The states of the Zr III ion are not given in the NIST database. Our calculated excitation energies for these two states are 119 058 cm−1 (for ) and 118 988 cm−1 (for ). That is in good agreement with the calculated values 119 613 cm−1 and 119 501 cm−1 for the and states, respectively, given in Reader & Acquista (1997).

3.2. Evaluation of transition data

Transition data of electric dipole, magnetic dipole, and electric quadrupole transitions were computed using wave functions from the VV+CV+CC+extended MR strategy. The accuracy of the electric dipole (E1) and quadrupole (E2) transitions data was evaluated using the dT quantity (Ekman et al. 2014), which is defined as

(2)

where Al and Av are transition rates in length and velocity forms, respectively.

Obtained transition data, such as wavelengths, line strengths, weighted oscillator strengths, transition rates of E1, M1, and E2 transitions, along with the accuracy indicator dT, are given in Table 4. The table also gives experimental wavelengths, adjusted (by experimental wavelengths) transition rates, and uncertainty (as in the NIST database) of each transition. These uncertainties were evaluated by comparing transition rates with experimental values given by Mayo et al. (2005) and estimated using the methods described in Kramida (2013). The full table is available at the CDS.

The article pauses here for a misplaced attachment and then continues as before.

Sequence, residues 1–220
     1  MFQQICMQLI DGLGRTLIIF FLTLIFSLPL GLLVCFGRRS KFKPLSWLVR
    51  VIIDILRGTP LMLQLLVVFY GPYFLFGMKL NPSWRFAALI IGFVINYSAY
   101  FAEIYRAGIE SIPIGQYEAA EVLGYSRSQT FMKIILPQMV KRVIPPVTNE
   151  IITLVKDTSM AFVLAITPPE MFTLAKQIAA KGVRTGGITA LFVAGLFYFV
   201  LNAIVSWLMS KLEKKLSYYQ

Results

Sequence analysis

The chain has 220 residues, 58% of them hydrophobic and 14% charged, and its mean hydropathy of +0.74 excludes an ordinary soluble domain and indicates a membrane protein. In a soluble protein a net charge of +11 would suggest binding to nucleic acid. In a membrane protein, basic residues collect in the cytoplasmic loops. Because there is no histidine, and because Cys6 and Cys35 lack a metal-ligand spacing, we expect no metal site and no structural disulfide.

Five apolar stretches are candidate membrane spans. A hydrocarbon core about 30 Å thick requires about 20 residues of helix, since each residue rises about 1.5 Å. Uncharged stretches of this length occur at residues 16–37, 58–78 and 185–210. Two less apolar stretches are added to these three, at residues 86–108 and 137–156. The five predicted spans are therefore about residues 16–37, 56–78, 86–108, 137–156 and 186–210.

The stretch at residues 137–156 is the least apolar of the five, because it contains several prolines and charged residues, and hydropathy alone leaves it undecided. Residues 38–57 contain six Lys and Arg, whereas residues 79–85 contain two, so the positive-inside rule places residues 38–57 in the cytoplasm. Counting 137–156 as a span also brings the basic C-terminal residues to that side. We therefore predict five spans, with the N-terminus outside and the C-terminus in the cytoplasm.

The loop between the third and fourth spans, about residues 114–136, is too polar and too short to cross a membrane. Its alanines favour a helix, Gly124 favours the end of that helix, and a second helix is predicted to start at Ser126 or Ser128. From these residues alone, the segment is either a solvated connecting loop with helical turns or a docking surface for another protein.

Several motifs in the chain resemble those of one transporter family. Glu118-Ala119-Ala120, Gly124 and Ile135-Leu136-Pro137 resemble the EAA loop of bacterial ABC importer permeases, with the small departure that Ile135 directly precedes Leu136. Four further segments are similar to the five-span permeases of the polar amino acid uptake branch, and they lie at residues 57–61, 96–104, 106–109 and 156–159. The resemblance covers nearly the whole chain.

A scatterplot of dT versus the line strengths is presented in Fig. 4 to show the difference between length and velocity forms of computed E1 transitions. As we can see from the figure for most of the stronger transitions, dT is well below 10%.

thumbnail Fig. 4.

Scatterplot of dT vs. the line strength S of E1 transitions for Zr III. The solid line indicates the 10% deviations.

Open with DEXTER

In Fig. 5 transition rates from experiment (Mayo et al. 2005) are compared with results from this work. As shown in the figure, most of the computed transition rates are smaller than experimental rates. The differences for weaker transitions are much larger than the experimental error bars. The worst disagreement is for four transitions, namely 4d5d 3D3 (No. 35) – (No. 19); 4d5d 3D3 (No. 35) – (No. 21); (No. 19) – 4d5s 1D2 (No. 13); (No. 17) – 4d5s 1D2 (No. 13).

Lifetimes for the studied levels were computed in length and velocity gauges and the results are presented in Table A.1. Computed lifetimes for some states of the 4d5p configuration are compared with experimental values and other theoretical calculations in Table 2. From this table we can see that the lifetimes obtained in this work agree with the experimental lifetimes within the uncertainties of the latter. Other theoretical lifetimes are lower than the experimental lifetimes by (11–22)%.

Table 2.

Comparison of computed lifetimes (in ns) for Zr III ion with experiment and other theoretical calculations.

We chose five E1 transitions, which contribute significantly to the lifetime of state, for a deeper analysis. The influence of electron correlations to the line strengths of these five lines is presented in Figs. 6 and 7. As shown in both figures, it is important to include CV and CC correlations in the computations. The line strengths for – 4d23F2, – 4d5s 3D1 transitions (Fig. 7) decreases by 1.5 times when CV and CC correlations are included. In Table 3, as an example, line strengths of these five lines are also compared with experimental results and other theoretical computations. Computed line strengths using the VV+CV+CC+extended MR strategy disagree with experimental and other theoretical results. A better agreement with other investigations is achieved when only VV correlations are included.